Why won’t White House say when Trump last tested negative?

National
Alyssa Farah

White House director of communications Alyssa Farah waves after speaking with reporters at the White House, Thursday, Oct. 8, 2020, in Washington. (AP Photo/Alex Brandon)

WASHINGTON (AP) — It is a basic, crucial question and one the White House refuses to answer: When was President Donald Trump’s last negative test for the coronavirus before he tested positive last week?

“Yeah, I’m not going to give you a detailed readout with timestamps every time the president’s tested,” White House press secretary Kayleigh McEnany told reporters last weekend.

“I can’t reveal that at this time,” echoed Alyssa Farah, the White House director of strategic communications. “Doctors would like to keep it private.”

“I don’t want to go backwards,” said Dr. Sean Conley, the president’s physician.

The answer could help fill in vital details about the course of the president’s illness as well as when he may have been contagious and whom else he may have exposed. And the White House refusal to answer makes it hard not to wonder what they’re hiding, given other details they’ve shared.

“At this point it’s just so strange that they’re unwilling to give us the information,” said Michael Joseph Mina, a physician and professor of epidemiology at Harvard’s school of public health. “It makes people start thinking things like, ‘Was the president the super-spreader?’… If there was no nefarious activity going on, then they should have no problem answering this question.”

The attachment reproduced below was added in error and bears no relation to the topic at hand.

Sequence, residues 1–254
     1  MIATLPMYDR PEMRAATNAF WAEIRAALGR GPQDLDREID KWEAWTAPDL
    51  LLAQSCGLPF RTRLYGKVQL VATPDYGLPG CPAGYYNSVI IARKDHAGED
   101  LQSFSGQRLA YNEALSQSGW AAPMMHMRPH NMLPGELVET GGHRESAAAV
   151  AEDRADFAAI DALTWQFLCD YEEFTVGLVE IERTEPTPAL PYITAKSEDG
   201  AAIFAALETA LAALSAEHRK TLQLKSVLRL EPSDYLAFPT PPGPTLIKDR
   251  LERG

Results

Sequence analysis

The information is also key to tracking who else may have been exposed to the virus so their contacts can be traced to prevent new clusters of infection.

“Then you can get an idea, potentially, of when he was infected, how long his incubation period was, and also then evaluate who may have been exposed to him over that time frame,” said Benjamin Pinsky, medical director of the clinical virology laboratory at Stanford Health Care. While there is considerable variability between cases, he said, Trump was most likely infectious several days before he tested positive — a period during which he traveled and had close contact with dozens of people.

Senior White House staff and those who are in direct contact with the president are tested for the virus daily. The White House originally gave the impression that Trump, too, was tested every day, with McEnany claiming in July that Trump was “the most tested man in America” and tested “multiple times a day.” But Trump contradicted her, saying, “I do probably on average a test every two days, three days.”

The current White House line is that Trump is tested “regularly.”

Here’s what is known: On Wednesday, Sept. 30, during a trip to Minnesota for a fundraiser and rally, one of the president’s closest aides, Hope Hicks, began feeling ill. She isolated herself aboard Air Force Once during the trip home, but the White House appears to have taken no further action.

The next morning, Hicks was again tested for the virus. This time, the results came back positive, just as the president was about to leave for a fundraiser at his golf club in Bedminster, New Jersey. A frantic effort was made to swap out staff who had been in close contact with Hicks, including McEnany. But Trump, who had also been with Hicks, nonetheless boarded Marine One, along with other White House staff still in the dark about Hicks’ diagnosis.